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Smalltalk

P: n/a
CD
I doubt this is the correct group to post this in, but since I couldn't find
a better place, here goes.

Smalltalk is a very mature, highly portable pure object language. From my
view of it, it lacks the development and marketing support that a company
like Microsoft can supply.

Why hasn't Microsoft looked at Smalltalk products like Visualworks and
considered taking them over? I know that this language has a huge potential
given a company that can really bring it to market.

Thanks

Jul 21 '05 #1
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8 Replies


P: n/a
Hi,

I shall try to give a more technical answer:

there are two big language groups
Algol ( to which Microsoft's languages C, C++, C# belong )
Lisp ( to which I would sort Smalltalk )

programs in Algol languages **desribe** (object models) where Lisp like languages are used to modify object-models.
In Algol like languages you have to compile and run your program, in Lisp like languages you just modify classes & methods ( they
are first class objects ) themselves.

Algol like languages are traditionally used to implement Operating-Systems where Microsoft come from.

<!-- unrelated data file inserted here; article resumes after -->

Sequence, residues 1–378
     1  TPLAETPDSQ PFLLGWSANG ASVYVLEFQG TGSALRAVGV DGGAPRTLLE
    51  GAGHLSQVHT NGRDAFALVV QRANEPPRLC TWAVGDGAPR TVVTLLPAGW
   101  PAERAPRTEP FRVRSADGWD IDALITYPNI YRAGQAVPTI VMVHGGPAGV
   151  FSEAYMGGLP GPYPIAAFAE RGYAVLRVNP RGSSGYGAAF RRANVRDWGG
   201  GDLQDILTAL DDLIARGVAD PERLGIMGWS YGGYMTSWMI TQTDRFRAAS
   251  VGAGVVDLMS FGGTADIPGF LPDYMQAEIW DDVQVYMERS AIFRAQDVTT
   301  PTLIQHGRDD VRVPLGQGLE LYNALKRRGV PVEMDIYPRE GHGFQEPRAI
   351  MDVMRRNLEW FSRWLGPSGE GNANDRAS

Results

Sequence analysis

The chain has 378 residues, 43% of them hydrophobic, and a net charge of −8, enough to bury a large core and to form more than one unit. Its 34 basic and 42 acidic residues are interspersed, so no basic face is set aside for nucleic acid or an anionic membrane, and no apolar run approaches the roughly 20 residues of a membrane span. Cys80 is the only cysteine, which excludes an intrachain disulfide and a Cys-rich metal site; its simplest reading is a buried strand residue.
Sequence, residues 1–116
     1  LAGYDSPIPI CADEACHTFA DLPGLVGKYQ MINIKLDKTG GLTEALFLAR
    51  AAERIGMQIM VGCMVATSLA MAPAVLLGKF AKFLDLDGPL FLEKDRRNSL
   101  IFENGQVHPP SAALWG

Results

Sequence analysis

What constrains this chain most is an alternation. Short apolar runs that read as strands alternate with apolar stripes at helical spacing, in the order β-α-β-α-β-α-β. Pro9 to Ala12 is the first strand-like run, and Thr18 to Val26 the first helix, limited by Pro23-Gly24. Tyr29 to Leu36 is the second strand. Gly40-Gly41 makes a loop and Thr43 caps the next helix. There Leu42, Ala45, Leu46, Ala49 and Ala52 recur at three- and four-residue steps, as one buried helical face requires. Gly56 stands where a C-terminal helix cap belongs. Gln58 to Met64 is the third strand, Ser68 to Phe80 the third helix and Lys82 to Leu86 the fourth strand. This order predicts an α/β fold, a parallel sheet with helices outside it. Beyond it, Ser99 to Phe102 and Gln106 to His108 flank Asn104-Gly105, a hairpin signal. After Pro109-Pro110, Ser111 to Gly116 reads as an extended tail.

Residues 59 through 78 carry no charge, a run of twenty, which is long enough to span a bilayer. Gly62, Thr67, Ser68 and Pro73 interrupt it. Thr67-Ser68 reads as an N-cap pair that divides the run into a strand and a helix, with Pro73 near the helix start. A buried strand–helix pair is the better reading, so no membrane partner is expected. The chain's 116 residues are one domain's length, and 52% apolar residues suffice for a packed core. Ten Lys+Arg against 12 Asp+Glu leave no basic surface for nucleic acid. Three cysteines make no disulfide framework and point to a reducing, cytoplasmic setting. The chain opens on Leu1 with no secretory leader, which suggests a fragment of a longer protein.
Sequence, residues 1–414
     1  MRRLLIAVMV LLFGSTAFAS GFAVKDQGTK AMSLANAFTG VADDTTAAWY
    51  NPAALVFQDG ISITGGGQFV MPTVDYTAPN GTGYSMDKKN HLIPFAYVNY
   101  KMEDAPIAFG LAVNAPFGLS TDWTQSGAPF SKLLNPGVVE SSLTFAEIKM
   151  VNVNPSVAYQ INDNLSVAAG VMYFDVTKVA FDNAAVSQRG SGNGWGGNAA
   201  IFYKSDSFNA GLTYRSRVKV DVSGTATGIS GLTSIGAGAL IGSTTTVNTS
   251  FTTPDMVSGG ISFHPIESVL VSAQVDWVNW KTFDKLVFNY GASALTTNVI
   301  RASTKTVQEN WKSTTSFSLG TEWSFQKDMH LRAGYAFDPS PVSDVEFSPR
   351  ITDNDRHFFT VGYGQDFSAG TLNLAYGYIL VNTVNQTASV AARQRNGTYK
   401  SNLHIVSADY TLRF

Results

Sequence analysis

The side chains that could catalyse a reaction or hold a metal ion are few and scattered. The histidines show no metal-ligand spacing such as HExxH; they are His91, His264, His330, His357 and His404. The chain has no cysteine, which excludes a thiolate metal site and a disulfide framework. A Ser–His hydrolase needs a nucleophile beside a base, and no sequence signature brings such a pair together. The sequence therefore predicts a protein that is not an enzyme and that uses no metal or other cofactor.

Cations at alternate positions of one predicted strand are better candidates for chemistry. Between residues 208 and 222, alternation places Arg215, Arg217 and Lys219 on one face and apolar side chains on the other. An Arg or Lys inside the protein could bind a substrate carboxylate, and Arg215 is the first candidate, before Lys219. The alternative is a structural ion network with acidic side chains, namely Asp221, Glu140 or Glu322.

Lisp like languages can be viewed as (Operating)Systems themselves.
They require a Virtual-Machine and it is difficult to compile them down to machine-code.
This makes Lisp like languages less performant than their Algol like competitors.
And it is more difficult to interface with an Operating-System. OS-Functions require recursive callback.
So early Smalltalk Language implementations ignored the part of OS ( GUI widgets ) which requires requires Callbacks or emulated
them - which was ok in the early days of Windows.

Smalltalk lost its premier position when Java appeared.
Microsoft has invited some well known Smalltalkers to participate on the design of the CLR (e.g. a known Virtual-Machine engineer
from Parcplace-Digitalk and the creator of Smallscript )
But creating a Smalltalk on top of the CLR is a very difficult task ( I know what I say because we do it since several years now )

I like that Smalltalk and it has created a nice market niche for small firms. I am personally afraid of the idea that Microsoft gets
hands on it.
We have created a Tool for .NET ( LSW DotNet-Lab ) which is written in Smalltalk and will bring some features of a
Smalltalk-Development Environment to .NET.

with best regards, Frank Lessser, www.lesser-software.com

Jul 21 '05 #2

P: n/a
CD
Frank,
I am not, nor have I ever professed to be, anything other than a business
app developer. Nor am I am scholar on languages.

With that in mind, I've found Smalltalk to be extremely productive for the
applications I develop (complex derivative trading systems). In fact, given
the opportunity, I would choose the language again. My systems deal with
complexity and can be modified very quickly, due to the nature of the
language and the development tools.
The problems I have with the language stem from it not being a high-profile
language and the fact that I do not think the language have enough vendor
support. Meaning they do not have the resources behind them to clean up some
of the aspects of the environment that have become old, namely the GUI. I
would not expect Microsoft to use it in OS developemnt, as I would not expect